The filesystem is hierarchical, with components limited to 8 characters and the "." (period) used as the component separator. OS4000 JCL limits characters in file path components to upper case letters and numbers only. Each file path starts with a context pointer which is a name which refers to a position in a filesystem, followed by zero or more catalogues (equivalent to Unix directories), and ending with a filename. Each disk on the system contains a separate and independent filesystem, and the volume name of a disk is the same as the name of its top level catalogue or master catalogue. There must be one disk mounted with a volume name of SYSTEM which contains specific files required by OS4000. In larger systems, there will usually be additional disks containing user files, data files, etc. although these can all coexist on the SYSTEM disk, space permitting. Users are each given a set of initial context pointers which each point to a catalogue on a filesystem, and users can only see the filesystem hierarchies below their initial context pointers. Systems are usually configured so that unprivileged users cannot see other users files or the system's files, except for the system executables held in SYS. By convention, an area called POOL is available for all users, and enables the transfer/sharing of files.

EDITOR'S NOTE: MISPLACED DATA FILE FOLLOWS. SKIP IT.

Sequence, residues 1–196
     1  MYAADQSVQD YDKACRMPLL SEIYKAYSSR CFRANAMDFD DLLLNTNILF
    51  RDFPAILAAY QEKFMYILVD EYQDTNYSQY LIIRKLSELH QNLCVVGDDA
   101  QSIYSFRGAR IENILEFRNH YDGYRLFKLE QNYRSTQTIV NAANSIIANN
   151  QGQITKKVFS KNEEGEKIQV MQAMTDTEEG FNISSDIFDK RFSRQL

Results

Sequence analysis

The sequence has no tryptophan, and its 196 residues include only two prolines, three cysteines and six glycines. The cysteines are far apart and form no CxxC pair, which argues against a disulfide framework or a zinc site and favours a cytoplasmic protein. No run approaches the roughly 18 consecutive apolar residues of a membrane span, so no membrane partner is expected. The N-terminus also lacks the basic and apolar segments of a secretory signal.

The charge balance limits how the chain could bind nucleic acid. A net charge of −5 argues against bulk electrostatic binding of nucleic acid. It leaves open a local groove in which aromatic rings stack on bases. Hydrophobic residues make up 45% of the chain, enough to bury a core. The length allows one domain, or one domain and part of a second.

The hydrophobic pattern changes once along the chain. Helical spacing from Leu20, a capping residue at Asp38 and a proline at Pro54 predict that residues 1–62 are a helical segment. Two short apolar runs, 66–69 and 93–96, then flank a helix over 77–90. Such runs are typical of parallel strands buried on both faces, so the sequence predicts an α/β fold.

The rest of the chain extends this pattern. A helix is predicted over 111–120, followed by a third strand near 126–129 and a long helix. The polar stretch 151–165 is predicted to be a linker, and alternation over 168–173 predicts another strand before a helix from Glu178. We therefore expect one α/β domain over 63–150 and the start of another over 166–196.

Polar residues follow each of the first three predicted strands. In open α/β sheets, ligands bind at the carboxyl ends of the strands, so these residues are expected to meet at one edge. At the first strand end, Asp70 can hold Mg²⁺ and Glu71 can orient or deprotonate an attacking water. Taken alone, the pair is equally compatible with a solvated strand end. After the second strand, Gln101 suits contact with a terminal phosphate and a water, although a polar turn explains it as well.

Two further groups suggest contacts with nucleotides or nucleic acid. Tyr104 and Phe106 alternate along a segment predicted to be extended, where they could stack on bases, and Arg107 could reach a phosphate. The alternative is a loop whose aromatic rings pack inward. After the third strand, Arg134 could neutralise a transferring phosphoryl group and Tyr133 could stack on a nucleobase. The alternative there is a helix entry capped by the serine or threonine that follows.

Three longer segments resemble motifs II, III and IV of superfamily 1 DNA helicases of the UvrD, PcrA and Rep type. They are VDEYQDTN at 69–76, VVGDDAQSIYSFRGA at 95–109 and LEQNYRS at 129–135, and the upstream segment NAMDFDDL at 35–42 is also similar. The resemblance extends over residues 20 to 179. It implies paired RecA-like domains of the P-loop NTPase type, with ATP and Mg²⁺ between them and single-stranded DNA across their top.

Files in an OS4000 filesystem are typed, which means that the filesystem can hold several different types of file, and understands how the contents are structured. Most common are logical files which contain a record structure. These are split into sequential and random files, with random files having all records the same length to enable seeking to record numbers. Finally, text and binary files are distinguished, mainly to prevent applications which expect textual data from accidentally using a binary file. This results in a set of logical file types identified by three letters, e.g. Logical Sequential Text is LST. The logical file types are LST, LSB, LRT, LRB. The converse to logical files are physical files, which are accessed block at a time, and these are known as Physical Random Binary (PRB) files. File types PST, PSB, PRT also exist in theory, but have the same capabilities as PRB and are not generally used. Additionally, there is a Logical Indexed Sequential (LIS) filetype, which is an ISAM file and always appears to be sorted on its key field, and a Byte stream (BYT) filetype, which was added in Rel 6.5 to better support the OS4000 NFS server. A filetype CAT is used to hold catalogues—it is actually the same as an LSB file, but can only be modified by the filesystem itself.

In addition to files and catalogues, there are 3 types of symbolic links. References (REF) can be created to point to another file or catalogue which creator of the REF can see through an initial context pointer, in either the same filesystem or another filesystem. Off Disk Pointers (ODP) are similar to references but can be created to point to a file or catalogue which cannot be seen through any initial context pointers, and creating an ODP is a privileged operation only available to the system manager. Support for Unix style symlinks (arbitrary text stored in a catalogue) was added in Rel 6.5 to better support the OS4000 NFS server, but symlinks can only be created and are only visible from NFS clients.